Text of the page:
Federal politicians of all stripes have been locked behind closed doors the last couple of days, preparing for what could be one of the most difficult sessions of Parliament in some time.
Progressive voices must continue to be heard as the government, which returns Monday after the break, confronts considerable challenges in the months ahead.
A Canadian flag flies in front of the peace tower on Parliament Hill in Ottawa, Canada on Dec. 4, 2015. (Photo: Geoff Robins/AFP/Getty Images)
While jobless numbers dipped a bit at the end of last year, we still have a higher unemployment rate than a year ago, and the economy continues to create more part-time precarious work than full-time jobs.
The perennial source of good full-time jobs, manufacturing, continues to struggle, though Unifor did much to help with the more than $1.5 billion in investments secured in our Detroit Three bargaining last fall.
The federal deficit is also higher than was predicted a year ago. While this does not particularly bother me personally, since deficit spending is needed to stimulate the economy, we can expect to hear calls for restraint and austerity. This would be a mistake, and must be resisted.
Perhaps the biggest difficulty, however, comes from south of the border, where Donald Trump has now assumed the presidency of the United States, and is proving as unstable and completely unpredictable as he was during the election.
With Trump in the White House, we can expect more of the unexpected.
This could be a problem, especially as Parliament turns to the first major piece of business in the coming weeks -- preparing the 2017 federal budget.
Budgets and spending intentions are grounded in the predictions economists make about the coming year. Everything from changes in the gross domestic product, to the price of oil, to the projected inflation rate and much more, can have profound implications for the budget.
Those predictions guide estimates of the tax revenue the government hopes to collect -- which in turn helps determine the government's spending to both fulfill election promises and to react to unexpected events and needs.
With Trump in the White House, however, we can expect more of the unexpected.
Ultimately, that could have an impact on the spending decisions of our federal government. If Ottawa is continually finding itself reacting to whatever tweet or "alternative facts" are coming out of Washington, its ability to take action on its own agenda, one that was promised, could be more and more hampered.
We must not let this happen.
The Trudeau government was elected just over 15 months ago with a mandate to reverse the mean-spirited policies of the previous government, and it still has a long way to go in fulfilling this.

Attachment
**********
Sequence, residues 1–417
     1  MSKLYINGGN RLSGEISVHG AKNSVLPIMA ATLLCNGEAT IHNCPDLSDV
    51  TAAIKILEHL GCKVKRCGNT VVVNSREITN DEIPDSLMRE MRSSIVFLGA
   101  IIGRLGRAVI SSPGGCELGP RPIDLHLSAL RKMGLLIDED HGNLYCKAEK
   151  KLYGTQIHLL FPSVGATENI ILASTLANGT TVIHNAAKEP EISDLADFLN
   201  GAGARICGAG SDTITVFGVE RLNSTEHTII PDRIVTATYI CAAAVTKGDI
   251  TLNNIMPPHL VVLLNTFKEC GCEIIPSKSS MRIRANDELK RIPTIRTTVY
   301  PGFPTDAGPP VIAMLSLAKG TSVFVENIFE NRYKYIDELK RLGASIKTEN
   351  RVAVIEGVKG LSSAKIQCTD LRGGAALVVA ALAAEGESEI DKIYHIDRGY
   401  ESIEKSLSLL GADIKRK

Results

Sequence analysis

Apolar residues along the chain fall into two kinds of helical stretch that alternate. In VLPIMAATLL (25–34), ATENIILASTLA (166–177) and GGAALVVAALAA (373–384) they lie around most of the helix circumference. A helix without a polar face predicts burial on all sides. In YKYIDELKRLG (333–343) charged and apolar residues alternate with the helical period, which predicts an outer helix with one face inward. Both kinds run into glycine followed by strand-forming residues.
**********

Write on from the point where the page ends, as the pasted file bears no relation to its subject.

Canada's Prime Minister Justin Trudeau speaks to the media at the end of a two-day cabinet retreat in Calgary, Alberta, Canada Jan. 24, 2017. (Photo: Chris Bolin/Reuters)
Much work still remains to rebuild infrastructure -- both physical and social -- left to crumble through 10 years of neglect under Harper.
Progress had been made on revamping the role of government in stimulating manufacturing investments, but the job is not yet done.
Trudeau made a promise to work to deliver affordable, high-quality, flexible, and fully inclusive child care for families and despite the growing need there is much work to be done.
To strengthen our voting system, progress on electoral reform has been slower than I'd like to see, but it remains a timely and urgent need that must be addressed soon if we are to have the new voting system that we were promised in time for the next election.
On the trade front, the concerns about corporate and investor rights being written into every trade deal remain, even if this seems overshadowed lately by the protectionist America-first rhetoric coming out of the Trump White House.
Negotiations over health care funding have also become rocky over the last month as Ottawa cuts one-one-one deals with provinces and territories. Resolving this to ensure the best possible public health care system and equal access to health care across Canada will require setting priorities, real focus and determination.
Staying focused, however, is difficult when the most powerful country in the world, and our major trading partner, has become so unpredictable.
For our government and our opposition parties, steering our country through the tumultuous years ahead while remaining true to the desire of Canadians to live in an equitable society must remain the top priority.
For the rest of us, it is imperative that we remain active, be vocal and engage to make sure our political leaders are guided by the need to build a better Canada, and for me that includes a Canada that actively addresses the needs of our most marginalized communities and people.
Whether it's in the streets as we saw with the incredible and inspiring women's marches last weekend, or at the negotiating table, we must ensure that progressive voices continue to be heard.
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